• Interaction – interacting with a wahve will be like any other hire you make. There may be lots of contact initially for onboarding, training, team introductions, etc. Eventually, the level of interaction you or your team has with the wahve will be dictated by the type of work they are doing and how often it’s necessary to connect with them regarding new work, provide feedback on work completed, or update them on general team/company information.
  • Workload – you know your company best. You most likely have a good idea of how long it should take someone to complete various tasks and projects. Wahves are an eager bunch and they desire to meet the same realistic expectations you’ve set for your employees doing similar work.
  • Time off – yes, wahves will need time off. Perhaps unlike your employees, time off taken by a wahve is unpaid. Therefore, they may want to make up a missed hour or two so they can keep their general number of weekly hours at a steady amount. When they do need vacation time, they’ll want to know someone else in the office will help cover for them. This may be no different from how the employees in your office provide back up to each other when on vacation.
  • Workflow – this may be the one area requiring special attention. Some clients haven’t had a remote worker or haven’t envisioned using one. How will you get work to the wahve? If files aren’t kept electronically or the agency management system is really just a very expensive desktop decoration, it will be almost impossible to use a wahve. The best workflows happen seamlessly via the use of management system’s activities, network drives, front end scanning, etc. Since you know your internal set up better than anyone, spend some time contemplating how workflows will be executed and the rest will often fall into place.

To boil it all down – it’s simple: work with a wahve just as you do with your employees. Include them in your calls, meetings, etc. Share your culture with them. Don’t forget to include them in announcements, updates, or team fun. Set regular check-in appointments with them just as you might your employees. Just because you may not run into them in the break room, doesn’t mean they wouldn’t like to get an email wishing them a good weekend.

WAHVE is here to help support you and your wahve. Our team isn’t just focused on finding the best vintage talent for you. In fact, we pride ourselves on assisting with a smooth onboarding of your wahve by offering initial IT support, relationship management, and ongoing check-ins. As for the rest, you really can’t go wrong if  you  keep all the above in mind!

Elizabeth Kordek, CPCU Senior Placement Specialist

The Importance of Connectedness


Spring has, true to form, come in like a lion, especially on the East Coast! Especially when spring begins feeling so much like the chilly winter months, many of us find ourselves stuck in hibernation mode and slow to get back into the swing of things: staying indoors, being less active, and keeping more to ourselves. For many, the winter months’ impact on our ability to get out, see others, and stay engaged, can perpetuate feelings of loneliness and lack of connection. While spring’s gift of warmer temperatures and growing daylight makes it exponentially easier to get outside and reconnect with everybody from old friends to new coworkers, there are some simple steps any one of us—employers and employees, both remote and in-office—can put into practice all year long to stay better connected and less lonely. A recent piece on relieving loneliness in work culture aptly describes these tools for maintaining healthy connection and socially positivity no matter the season:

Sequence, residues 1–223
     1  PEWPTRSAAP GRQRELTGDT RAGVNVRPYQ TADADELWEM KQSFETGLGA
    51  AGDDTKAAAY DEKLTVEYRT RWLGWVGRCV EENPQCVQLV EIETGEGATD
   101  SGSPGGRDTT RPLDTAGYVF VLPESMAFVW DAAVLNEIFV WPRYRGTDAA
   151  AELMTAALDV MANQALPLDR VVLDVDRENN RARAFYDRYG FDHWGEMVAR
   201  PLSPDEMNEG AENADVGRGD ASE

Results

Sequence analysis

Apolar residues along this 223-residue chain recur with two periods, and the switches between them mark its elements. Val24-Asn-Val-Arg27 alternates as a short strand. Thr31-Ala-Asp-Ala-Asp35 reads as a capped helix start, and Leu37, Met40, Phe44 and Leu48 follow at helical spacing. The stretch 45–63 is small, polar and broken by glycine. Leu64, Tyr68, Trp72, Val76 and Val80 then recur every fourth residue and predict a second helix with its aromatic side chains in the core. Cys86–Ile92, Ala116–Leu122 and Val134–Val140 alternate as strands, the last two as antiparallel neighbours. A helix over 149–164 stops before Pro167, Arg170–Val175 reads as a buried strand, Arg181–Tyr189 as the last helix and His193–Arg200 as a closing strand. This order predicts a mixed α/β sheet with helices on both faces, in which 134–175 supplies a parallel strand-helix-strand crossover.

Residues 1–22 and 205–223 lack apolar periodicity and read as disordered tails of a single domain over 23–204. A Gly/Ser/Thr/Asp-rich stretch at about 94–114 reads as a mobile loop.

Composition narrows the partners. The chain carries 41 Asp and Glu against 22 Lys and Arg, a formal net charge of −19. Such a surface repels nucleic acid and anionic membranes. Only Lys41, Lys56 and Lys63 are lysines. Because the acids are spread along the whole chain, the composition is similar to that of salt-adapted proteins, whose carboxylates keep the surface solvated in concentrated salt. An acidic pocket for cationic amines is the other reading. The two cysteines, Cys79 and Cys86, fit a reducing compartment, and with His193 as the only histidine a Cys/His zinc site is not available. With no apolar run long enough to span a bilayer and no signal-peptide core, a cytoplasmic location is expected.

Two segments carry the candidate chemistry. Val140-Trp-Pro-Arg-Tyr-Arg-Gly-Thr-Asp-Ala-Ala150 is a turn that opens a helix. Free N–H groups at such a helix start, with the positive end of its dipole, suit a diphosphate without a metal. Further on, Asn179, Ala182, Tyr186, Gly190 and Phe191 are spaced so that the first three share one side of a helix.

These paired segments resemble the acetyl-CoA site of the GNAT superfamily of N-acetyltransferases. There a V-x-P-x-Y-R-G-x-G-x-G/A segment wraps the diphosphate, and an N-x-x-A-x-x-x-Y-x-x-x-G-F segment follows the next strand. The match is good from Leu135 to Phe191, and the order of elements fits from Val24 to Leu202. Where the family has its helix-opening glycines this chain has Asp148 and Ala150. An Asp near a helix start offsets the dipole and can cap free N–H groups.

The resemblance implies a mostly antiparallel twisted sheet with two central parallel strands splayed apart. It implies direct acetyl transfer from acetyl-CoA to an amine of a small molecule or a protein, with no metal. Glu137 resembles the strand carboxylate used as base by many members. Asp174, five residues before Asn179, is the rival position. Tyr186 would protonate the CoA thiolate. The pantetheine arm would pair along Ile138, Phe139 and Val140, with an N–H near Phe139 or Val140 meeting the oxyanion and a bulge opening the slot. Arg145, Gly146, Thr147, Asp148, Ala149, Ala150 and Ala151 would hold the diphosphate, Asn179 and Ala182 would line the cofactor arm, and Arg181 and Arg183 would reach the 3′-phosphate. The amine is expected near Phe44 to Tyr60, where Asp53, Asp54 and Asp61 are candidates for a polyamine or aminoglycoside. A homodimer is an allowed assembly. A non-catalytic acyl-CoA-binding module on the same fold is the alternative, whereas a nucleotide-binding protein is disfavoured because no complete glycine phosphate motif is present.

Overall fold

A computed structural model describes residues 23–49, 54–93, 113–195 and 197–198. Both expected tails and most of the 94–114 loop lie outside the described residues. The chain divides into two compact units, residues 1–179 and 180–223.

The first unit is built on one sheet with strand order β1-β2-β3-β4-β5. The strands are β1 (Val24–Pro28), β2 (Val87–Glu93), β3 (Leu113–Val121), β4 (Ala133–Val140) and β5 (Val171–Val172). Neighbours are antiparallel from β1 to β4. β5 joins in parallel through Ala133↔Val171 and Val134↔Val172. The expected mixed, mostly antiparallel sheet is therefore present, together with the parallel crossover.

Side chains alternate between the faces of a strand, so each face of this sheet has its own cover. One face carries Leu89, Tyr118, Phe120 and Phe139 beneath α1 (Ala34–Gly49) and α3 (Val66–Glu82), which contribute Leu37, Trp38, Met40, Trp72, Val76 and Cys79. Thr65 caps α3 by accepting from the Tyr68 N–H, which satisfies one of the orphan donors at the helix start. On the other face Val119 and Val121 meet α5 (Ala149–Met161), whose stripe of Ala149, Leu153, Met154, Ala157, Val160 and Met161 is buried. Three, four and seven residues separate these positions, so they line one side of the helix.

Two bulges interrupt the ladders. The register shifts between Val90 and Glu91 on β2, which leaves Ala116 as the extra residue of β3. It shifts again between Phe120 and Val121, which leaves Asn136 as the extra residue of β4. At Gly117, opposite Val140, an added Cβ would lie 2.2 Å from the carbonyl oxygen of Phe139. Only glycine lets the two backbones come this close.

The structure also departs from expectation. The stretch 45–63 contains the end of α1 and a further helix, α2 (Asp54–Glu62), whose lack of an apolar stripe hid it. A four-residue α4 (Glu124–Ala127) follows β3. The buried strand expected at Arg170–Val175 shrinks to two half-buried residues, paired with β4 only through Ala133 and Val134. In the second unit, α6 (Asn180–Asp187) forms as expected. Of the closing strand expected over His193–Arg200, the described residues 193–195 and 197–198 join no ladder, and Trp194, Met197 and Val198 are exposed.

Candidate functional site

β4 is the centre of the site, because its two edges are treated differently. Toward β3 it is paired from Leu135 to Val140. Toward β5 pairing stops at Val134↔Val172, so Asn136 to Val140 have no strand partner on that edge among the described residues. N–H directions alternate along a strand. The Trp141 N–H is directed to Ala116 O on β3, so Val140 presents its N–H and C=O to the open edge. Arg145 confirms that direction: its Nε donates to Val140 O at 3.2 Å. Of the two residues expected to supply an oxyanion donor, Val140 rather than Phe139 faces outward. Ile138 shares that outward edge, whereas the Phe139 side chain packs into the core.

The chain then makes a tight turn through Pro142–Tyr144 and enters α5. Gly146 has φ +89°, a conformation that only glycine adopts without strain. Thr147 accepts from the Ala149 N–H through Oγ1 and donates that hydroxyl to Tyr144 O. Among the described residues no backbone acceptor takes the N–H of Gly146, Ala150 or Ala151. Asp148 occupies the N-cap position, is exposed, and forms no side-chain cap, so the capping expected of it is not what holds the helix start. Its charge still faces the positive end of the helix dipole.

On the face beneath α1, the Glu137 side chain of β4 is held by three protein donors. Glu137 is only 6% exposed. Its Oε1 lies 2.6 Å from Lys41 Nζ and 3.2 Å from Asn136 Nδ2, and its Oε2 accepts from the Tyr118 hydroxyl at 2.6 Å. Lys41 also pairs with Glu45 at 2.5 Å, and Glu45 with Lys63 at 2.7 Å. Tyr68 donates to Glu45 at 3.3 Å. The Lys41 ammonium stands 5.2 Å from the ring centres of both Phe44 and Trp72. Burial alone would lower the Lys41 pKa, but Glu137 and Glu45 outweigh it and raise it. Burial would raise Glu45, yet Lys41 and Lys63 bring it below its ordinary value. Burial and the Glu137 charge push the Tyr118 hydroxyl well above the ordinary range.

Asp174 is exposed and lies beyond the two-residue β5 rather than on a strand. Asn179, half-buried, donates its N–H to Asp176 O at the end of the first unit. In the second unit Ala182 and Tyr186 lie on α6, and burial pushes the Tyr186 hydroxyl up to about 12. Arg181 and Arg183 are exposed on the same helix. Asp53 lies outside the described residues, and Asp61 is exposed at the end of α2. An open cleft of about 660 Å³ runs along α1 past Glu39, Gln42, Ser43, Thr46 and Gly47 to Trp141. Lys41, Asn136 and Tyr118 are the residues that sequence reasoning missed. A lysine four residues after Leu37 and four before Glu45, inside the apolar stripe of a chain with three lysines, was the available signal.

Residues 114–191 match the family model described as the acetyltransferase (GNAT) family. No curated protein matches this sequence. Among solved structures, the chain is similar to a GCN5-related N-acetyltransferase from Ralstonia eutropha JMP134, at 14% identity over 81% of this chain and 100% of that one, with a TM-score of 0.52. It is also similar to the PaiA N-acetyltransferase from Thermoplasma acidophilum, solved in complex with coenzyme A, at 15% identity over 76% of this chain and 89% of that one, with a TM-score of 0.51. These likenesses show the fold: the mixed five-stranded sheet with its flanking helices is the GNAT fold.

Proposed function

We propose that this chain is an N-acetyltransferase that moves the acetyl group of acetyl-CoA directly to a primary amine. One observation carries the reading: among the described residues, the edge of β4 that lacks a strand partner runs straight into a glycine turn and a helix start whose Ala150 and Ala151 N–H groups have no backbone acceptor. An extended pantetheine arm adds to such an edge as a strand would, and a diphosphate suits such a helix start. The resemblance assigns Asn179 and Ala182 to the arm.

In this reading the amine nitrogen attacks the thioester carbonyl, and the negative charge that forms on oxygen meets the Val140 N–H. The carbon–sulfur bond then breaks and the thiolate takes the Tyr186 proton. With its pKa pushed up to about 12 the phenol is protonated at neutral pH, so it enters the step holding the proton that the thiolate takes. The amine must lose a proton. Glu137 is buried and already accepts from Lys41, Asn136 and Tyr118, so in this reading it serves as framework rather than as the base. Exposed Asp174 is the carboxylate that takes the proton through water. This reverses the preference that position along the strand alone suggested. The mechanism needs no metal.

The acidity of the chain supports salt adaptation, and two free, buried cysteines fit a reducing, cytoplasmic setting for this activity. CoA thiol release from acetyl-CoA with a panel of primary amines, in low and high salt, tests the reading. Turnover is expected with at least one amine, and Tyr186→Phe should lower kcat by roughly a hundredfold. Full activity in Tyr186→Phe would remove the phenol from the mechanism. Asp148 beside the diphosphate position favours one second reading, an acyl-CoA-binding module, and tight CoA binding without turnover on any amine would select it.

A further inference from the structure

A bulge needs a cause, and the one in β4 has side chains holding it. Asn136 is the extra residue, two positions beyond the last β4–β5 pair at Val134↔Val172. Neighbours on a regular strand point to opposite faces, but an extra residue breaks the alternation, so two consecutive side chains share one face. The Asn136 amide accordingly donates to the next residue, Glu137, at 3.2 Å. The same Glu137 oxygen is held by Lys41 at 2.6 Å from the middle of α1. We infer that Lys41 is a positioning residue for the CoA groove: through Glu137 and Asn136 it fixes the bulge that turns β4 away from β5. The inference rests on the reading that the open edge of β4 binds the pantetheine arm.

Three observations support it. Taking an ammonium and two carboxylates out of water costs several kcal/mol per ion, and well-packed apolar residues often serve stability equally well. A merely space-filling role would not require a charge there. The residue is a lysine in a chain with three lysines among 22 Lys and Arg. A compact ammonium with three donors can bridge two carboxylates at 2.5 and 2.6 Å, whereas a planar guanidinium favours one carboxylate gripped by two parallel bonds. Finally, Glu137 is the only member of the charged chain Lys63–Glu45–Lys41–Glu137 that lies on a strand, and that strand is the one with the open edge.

1. Take advantage of digital social tools to strengthen relationships.

“Sitting alone in front of a screen all day may be the root of isolation, but that’s also where you find some of the most powerful tools to bring people together” says author and founder of Acceleration Partners, Matt Wool. Leverage social tools so that remote employees can communicate regularly, confer support, and publicly share positive thoughts and congratulations with each other as individuals. When employees feel seen and known, there’s no place for loneliness. A bonus to this is that the act itself of encouraging and praising forges connection: “Letting someone else know that you value them is a great bonding experience. This helps keep the virtual high-fives going, as it motivates employees to pay it forward.”

  1. Prioritize communication via video

Using video chats and meetings frequently offers numerous benefits that combat loneliness and foster connectedness. We communicate a lot through body language and vocal inflection, which is made possible face-to-face conversations done via video, allowing employees to avoid the “disconnectedness caused by miscommunication, which can damage working relationships and increase feelings of isolation.” On top of that, feeling fully present in video meetings increases employees’ and employers’ engagement and makes it possible everyone to benefit from a feeling of team coherence and unity.

  1. Support in-person connection

For remote workers, this might look like “hiring hubs” which enable employees working in a given geographical area “to meet if they want to collaborate or just interact socially with their colleagues,” but this idea applies to in-office employers and employees as well. Don’t think that just because workers sit by each other in cubicles that they feel connected—fostering meaningful interaction that allows employees to work together productively in person and also get connected socially will decrease isolation and boost your work culture’s social positivity.

  1. Hire the right talent

Use unbiased tools that help you assess and hire people who are good candidates for your company’s work culture, whether you employ remote workers or not. When employees have clear expectations of the degree of interaction, pace of work, and other dynamics of the work environment, and you’re mutually agreed they’re a good fit, your workforce is poised to be engaged, collaborative, and productive, no matter whether they’re sitting in a cubicle or working in their remote home office.

Appreciating the spring season’s natural affinity for positivity and connectedness, it’s important to remember that humans need personal connection and meaningful interaction all year long. Thankfully, as remote workers and employers, we have practical steps that help each other stay resilient and engaged, combating isolation and fostering connectedness all year long.